Researchers excite deep brain tissue with heat and magnets




MIT researchers have devised a way to stimulate tissue deep in the brains without having to implanting permanent electrodes. This advantage can give a better understanding of intact regions of the brain, and help in the treatment of neurological disorders.

At this time, perform medical operations in which the brain is stimulated with electrical pulses in people with Parkinson’s. These treatments work, but are very far-reaching because electrodes are implanted directly into the brains.

For a study , whose results were published in Science, researchers injected magnetic iron oxide particles of 22 nm diameter in the brains of mice. When the mouse then to an alternating magnetic field was exposed, reheated on the nanoparticles. This resulted in an increase of the temperature, where then the temperature-sensitive ionkanaaltjes TRPV1 responded to, also known as capsaicin receptors.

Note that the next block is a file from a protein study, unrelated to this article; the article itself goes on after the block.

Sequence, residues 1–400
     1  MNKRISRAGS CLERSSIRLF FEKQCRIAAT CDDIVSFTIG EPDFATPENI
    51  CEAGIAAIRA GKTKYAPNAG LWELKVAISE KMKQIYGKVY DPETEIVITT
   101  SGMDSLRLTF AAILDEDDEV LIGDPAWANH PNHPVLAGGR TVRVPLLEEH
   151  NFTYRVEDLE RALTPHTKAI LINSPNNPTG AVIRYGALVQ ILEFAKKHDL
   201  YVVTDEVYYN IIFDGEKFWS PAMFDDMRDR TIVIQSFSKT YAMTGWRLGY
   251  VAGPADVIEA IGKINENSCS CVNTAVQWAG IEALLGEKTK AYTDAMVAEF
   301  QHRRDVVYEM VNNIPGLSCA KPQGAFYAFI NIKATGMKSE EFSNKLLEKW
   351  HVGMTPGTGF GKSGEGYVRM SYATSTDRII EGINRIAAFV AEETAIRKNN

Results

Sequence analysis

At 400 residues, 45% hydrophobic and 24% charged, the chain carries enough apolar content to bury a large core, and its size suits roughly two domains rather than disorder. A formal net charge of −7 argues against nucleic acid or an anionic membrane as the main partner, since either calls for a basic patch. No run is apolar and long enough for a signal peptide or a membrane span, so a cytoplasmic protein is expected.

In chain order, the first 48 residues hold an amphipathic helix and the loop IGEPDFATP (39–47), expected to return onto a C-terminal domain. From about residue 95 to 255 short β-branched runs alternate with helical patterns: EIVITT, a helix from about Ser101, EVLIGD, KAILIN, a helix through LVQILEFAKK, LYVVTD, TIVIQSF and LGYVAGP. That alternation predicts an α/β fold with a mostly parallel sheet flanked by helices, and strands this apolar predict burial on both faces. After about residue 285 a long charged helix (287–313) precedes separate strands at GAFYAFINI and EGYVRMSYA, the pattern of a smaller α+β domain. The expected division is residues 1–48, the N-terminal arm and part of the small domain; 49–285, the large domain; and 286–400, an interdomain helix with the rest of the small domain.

The neurons in the brain is typically not sensitive to temperature. In order to make the heat-sensitive neurons nevertheless, the researchers to use a method in which a virus other genes in cells deposits to introduce a specific property in this way. The nanoparticles have virtually no interaction with the surrounding tissue when they are heated and generally remain sitting on the place where they are to be inserted, which makes possible long-term treatments.

The technique is partly copied from cancer, in which magnetic fields are used to destroy cancer cells by heating them. In this case the neurons are only excited without destroying them. The magnetic particles have been used for decades as a contrast and are seen as relatively safe. The nanoparticles stay a little longer than a month, present in the mouse brain.


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